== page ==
How Guest-Facing Tech is Driving Restaurant Biz

Digital menu boards have proven their value in both QSR and fast casual segments – restaurant guests tend to like them because they are easy to read, can provide better and more up-to-date information, and can change on the fly. Restaurant managers like them for similar reasons, but also because they reduce the cost of printing menus and allow for real-time inventory management and updates to daily specials. 
With tabletop technology becoming more sought after, guests are given the ability to view menu items and order at the click of a button. Full service restaurants can now reap similar operational benefits in that of digital menu boards, leverage new opportunities for promotions and merchandising, and expand their loyal customer base. Tanjarine discusses the benefits of a few next-generation technologies and offers tips for deciding what’s right for your restaurant.
When researching or considering new technology in a restaurant, it’s best to understand what and how often promotions are managed, and how frequently and easily content can be changed. Many of the tabletop ordering tablets in the market support upselling and cross-selling menu items. The restaurants that have adopted these technologies report that guests order more when using tablets which results in a higher check average. In addition, they’re finding that:
guests order immediately when the impulse hits rather than having to wait for a server, guests tend to be more clear on menu selections when ordering, and
images of menu items on the tablet act as constant reminders of specials or opportunities to upsell items one may not necessarily order otherwise.
Second Screens
Multiple television sets strategically placed around restaurants are also gaining popularity. These “second screens” allow restaurant owners and managers to control content on one or more TVs displayed in their restaurant, and offer the opportunity for time-of-day based promotions (Happy Hour from 4-7 p.m.), guest interactions (Happy Birthday to Dawn!) and just-in-time specials.  The caveat is that a designated staff member needs to have the skills and capacity to build and execute content on these screens.  
The latest generation of restaurant tablets interacts with and mirrors the content of their associated second screens running in a restaurant, for a fully integrated experience with maximum messaging impact. Disseminating promotional messages between tablets and second screen TVs can vastly improve a restaurant’s ability to market to their guests. When considering implementing second screens, staff needs to consider how they would build and manage content for both the tablets and second screens, and how these technologies fit into the overall guest experience.  Aside from menu ordering and promotional opportunities, the combination of the tablets with second screens allows restaurant guests the ability to engage and create their own dining experience like never before by playing interactive sports games and trivia, as well as arcade and console quality games.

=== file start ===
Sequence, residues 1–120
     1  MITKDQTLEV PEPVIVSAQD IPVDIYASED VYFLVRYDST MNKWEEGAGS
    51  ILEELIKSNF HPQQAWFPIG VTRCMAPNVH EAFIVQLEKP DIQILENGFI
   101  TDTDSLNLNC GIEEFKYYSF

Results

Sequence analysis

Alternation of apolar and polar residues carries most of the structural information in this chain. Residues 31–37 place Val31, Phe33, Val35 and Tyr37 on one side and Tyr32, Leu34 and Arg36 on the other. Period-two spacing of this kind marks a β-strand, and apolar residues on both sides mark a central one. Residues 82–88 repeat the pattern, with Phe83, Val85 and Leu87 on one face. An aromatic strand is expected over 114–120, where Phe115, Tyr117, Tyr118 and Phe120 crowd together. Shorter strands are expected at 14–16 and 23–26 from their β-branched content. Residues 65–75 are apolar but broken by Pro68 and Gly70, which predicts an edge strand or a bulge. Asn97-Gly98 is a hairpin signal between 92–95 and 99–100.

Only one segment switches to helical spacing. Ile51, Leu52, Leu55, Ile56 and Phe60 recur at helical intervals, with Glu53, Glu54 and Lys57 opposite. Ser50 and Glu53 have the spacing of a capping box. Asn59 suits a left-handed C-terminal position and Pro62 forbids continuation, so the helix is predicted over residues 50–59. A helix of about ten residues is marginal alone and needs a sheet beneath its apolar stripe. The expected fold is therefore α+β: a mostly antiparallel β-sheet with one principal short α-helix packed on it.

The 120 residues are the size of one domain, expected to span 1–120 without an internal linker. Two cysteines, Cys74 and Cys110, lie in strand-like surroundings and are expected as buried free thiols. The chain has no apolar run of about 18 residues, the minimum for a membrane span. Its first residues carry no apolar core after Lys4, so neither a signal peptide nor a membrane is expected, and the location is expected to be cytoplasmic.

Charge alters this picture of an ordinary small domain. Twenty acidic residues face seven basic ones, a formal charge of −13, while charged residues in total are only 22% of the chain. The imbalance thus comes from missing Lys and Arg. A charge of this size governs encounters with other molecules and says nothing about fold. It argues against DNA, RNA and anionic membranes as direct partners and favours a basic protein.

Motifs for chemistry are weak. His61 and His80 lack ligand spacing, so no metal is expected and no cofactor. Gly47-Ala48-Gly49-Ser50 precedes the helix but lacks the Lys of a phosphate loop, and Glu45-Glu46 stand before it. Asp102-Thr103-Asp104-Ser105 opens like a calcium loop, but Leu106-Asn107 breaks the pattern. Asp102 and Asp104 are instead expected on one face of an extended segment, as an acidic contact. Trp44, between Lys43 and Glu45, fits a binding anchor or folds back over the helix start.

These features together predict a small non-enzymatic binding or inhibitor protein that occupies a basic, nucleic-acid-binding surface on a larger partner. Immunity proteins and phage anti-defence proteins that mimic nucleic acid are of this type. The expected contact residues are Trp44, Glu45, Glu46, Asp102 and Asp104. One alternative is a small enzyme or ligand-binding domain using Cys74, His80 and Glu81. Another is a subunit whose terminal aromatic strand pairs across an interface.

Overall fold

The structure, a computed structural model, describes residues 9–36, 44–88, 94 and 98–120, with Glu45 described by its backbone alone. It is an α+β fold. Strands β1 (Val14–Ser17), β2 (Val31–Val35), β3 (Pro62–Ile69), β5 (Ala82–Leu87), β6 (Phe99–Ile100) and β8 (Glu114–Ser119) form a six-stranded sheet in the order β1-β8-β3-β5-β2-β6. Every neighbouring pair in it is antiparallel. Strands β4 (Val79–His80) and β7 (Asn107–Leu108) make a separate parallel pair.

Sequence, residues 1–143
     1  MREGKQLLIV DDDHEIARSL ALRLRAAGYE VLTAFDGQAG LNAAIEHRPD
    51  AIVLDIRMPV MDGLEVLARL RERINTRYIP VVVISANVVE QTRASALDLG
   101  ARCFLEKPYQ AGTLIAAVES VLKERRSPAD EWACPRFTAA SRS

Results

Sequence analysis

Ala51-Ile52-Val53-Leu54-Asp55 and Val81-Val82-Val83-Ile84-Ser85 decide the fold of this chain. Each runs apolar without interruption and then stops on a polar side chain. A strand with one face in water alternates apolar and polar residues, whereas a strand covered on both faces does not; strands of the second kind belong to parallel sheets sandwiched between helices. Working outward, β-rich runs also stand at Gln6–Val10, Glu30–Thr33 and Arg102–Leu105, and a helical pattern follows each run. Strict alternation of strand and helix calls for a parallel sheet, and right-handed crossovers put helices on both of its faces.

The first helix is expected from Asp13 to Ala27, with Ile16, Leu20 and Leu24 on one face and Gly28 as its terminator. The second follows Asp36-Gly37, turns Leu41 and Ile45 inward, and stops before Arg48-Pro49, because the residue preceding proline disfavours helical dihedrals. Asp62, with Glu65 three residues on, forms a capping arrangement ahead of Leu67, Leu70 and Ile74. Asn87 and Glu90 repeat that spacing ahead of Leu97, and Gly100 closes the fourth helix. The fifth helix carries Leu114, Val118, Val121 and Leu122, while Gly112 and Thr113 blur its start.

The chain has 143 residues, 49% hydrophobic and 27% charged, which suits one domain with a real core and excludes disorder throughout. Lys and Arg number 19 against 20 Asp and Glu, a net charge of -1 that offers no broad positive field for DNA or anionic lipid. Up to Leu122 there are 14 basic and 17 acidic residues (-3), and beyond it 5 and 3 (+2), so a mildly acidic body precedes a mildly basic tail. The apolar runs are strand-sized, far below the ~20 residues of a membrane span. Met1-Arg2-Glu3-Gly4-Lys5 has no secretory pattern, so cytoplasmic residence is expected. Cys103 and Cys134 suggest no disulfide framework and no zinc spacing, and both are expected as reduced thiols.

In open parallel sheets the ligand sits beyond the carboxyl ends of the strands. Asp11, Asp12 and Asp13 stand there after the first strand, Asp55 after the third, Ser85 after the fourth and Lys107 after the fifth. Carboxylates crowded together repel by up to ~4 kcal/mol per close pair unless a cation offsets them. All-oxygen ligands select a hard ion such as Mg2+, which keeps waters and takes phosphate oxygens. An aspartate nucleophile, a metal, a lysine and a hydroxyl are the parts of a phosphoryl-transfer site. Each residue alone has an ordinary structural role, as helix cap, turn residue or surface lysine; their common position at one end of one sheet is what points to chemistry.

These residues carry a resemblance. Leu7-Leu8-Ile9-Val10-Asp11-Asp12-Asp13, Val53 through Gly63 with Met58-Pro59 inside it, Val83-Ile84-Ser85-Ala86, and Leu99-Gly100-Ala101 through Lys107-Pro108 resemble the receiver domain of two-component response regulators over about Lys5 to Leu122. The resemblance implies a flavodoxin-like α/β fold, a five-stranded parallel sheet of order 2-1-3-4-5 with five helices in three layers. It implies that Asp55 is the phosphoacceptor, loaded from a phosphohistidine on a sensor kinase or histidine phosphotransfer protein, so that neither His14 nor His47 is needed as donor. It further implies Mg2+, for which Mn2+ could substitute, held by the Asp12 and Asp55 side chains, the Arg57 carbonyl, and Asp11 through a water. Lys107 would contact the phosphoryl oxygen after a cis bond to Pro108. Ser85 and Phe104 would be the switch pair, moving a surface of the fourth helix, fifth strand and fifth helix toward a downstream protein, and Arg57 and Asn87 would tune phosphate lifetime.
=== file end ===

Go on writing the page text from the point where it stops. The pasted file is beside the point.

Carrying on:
More than 65% of Americans are smartphone users, and nearly 60% of these users check their apps or messages every few minutes. With statistics like this, it is clear that restaurant guests are more than accustomed to using new technology. Whether it is building a proprietary app to integrate loyalty programs or seeking other solutions specific to a restaurant’s location, investigating the potential to communicate directly to guests is key for success. Listening to what they want and engaging them in the process will make for better results. Guests want to feel special and valued, so when they and their order history are recognized, it makes them want to repeat their experience. This is just one more way to show how much they are valued and the impact they have on the business.
Standalone kiosks may be a valuable solution for a QSR during peak hours. Kiosks can offer the same benefits as tabletop tablets, allowing guests to order and pay when they want. They also present opportunities to promote or upsell new items by featuring food or drink photos, nutritional information, and other details that guests may be interested in. This type of solution takes up valuable space and may require a shift in kitchen operations, but it can show lift in pre-orders or restaurants with long lines.
Guest-facing technology can drastically improve guests’ dining experiences, while increasing a restaurant owner’s bottom line. Interactive games coupled with time-of-day promotions can lead to longer guest visits, more orders and higher check averages. Servers also have the ability to engage on a deeper level with their guests, as these new technologies can make for a more streamlined process.
At the end of the day, new technology must fit the business model of the restaurant and needs of their clientele in order to be a success. If executed properly, integrating new guest-facing technology should be a win-win for everyone.
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